3. Defining page metadata: The metadata constant is an object that contains the metadata for the page. This includes the base URL, the title and description of the page, and the OpenGraph data. The other property of the metadata object is spread with the frameMetadata object, which means all properties of frameMetadata are included in the metadata object.

  4. Exporting the page component: Finally, the Page component is exported. This is a functional component that returns a JSX element. In this case, it’s a simple heading welcoming users to the page.

The getFrameMetadata function is important because it generates the necessary metadata for a Farcaster Frame. This metadata is used by Farcaster to correctly display the frame within the social feed.

The export const metadata: Metadata = {...} line is crucial because it exports the metadata for the page. This metadata is used by Next.js for server-side rendering and by search engines and social media platforms for displaying rich previews of the page. It’s also used by Farcaster to display the frame within the social feed. The Metadata type ensures that the metadata object has the correct shape.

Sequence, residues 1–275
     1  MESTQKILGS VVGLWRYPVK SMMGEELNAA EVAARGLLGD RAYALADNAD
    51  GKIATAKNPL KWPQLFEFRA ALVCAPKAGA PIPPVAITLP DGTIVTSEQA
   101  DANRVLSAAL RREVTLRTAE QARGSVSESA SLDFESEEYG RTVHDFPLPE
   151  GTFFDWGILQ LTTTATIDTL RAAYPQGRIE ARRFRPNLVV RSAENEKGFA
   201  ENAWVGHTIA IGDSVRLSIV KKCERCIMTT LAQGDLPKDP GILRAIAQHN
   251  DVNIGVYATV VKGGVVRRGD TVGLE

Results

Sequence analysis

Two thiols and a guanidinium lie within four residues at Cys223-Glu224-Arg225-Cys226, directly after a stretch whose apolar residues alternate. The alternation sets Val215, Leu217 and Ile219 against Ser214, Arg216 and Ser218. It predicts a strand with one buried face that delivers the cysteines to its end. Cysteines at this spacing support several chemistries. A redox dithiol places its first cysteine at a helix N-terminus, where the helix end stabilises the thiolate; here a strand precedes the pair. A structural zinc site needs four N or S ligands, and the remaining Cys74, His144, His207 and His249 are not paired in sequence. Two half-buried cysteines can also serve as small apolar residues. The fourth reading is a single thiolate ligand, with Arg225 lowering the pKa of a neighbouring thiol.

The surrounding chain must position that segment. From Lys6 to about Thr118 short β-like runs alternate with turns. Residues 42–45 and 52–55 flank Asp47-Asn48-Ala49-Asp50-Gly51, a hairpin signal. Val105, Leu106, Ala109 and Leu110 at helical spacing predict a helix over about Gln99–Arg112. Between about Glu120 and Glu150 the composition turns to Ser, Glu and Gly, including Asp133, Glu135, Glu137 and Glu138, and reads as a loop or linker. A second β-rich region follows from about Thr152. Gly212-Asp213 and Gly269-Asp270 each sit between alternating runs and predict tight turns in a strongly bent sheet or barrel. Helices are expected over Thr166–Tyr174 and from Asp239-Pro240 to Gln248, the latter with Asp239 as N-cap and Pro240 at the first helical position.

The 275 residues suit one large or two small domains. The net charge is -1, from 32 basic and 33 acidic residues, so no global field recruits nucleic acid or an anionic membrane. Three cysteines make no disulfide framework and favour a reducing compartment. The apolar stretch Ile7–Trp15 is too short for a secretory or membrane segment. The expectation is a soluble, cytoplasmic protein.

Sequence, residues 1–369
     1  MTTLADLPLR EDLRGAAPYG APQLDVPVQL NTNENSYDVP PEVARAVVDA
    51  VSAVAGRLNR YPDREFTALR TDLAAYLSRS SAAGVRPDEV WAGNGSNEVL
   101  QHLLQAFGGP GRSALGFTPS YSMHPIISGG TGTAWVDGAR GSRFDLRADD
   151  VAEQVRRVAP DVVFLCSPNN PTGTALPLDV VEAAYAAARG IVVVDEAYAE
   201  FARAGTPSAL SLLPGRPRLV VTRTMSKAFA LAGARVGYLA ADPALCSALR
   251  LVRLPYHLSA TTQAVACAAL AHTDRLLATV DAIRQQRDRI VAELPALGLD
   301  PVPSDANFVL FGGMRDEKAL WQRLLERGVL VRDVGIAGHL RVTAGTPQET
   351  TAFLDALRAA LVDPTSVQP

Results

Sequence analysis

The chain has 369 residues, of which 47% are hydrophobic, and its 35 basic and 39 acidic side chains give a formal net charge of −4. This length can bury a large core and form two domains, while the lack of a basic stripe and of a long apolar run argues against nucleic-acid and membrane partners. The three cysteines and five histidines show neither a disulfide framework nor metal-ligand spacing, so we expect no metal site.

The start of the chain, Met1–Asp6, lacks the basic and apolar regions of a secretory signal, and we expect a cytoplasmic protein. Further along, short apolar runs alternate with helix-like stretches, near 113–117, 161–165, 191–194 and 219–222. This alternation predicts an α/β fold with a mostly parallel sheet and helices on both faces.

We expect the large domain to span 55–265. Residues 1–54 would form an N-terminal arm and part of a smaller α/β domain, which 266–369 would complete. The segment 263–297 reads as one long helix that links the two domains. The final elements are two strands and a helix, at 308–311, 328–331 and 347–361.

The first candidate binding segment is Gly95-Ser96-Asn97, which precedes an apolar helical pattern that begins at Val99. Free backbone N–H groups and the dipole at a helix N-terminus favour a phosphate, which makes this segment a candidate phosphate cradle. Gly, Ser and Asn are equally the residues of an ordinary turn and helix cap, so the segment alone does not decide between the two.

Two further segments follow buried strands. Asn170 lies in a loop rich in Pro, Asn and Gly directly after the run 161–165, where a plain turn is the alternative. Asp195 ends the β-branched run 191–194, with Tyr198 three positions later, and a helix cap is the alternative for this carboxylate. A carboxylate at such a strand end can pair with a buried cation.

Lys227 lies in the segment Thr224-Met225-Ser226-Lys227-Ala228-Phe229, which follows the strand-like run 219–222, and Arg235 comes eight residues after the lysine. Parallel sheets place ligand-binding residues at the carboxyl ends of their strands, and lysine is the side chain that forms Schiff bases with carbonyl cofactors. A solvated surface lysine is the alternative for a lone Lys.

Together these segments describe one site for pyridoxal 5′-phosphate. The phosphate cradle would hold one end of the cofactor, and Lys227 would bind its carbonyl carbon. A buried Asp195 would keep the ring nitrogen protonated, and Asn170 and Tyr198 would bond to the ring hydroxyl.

trendingPools/route.ts

This code is part of a Next.js serverless function. It’s written in TypeScript and is meant to be placed in an API route file. The code is responsible for handling POST requests and returning a Farcaster Frame powered by CoinGecko.

  1. Importing necessary modules and types: The code starts by importing the necessary modules and types. FrameRequest, getFrameMessage, and getFrameHtmlResponse are functions from the @coinbase/onchainkit package that help generate and validate Farcaster Frames. NextRequest and NextResponse are types imported from ‘next/server’ that define the shape of the request and response objects.

  2. Defining the getResponse function: The getResponse function is an asynchronous function that takes a NextRequest object and returns a NextResponse object. It starts by initializing several variables and then validates the request body using the getFrameMessage function.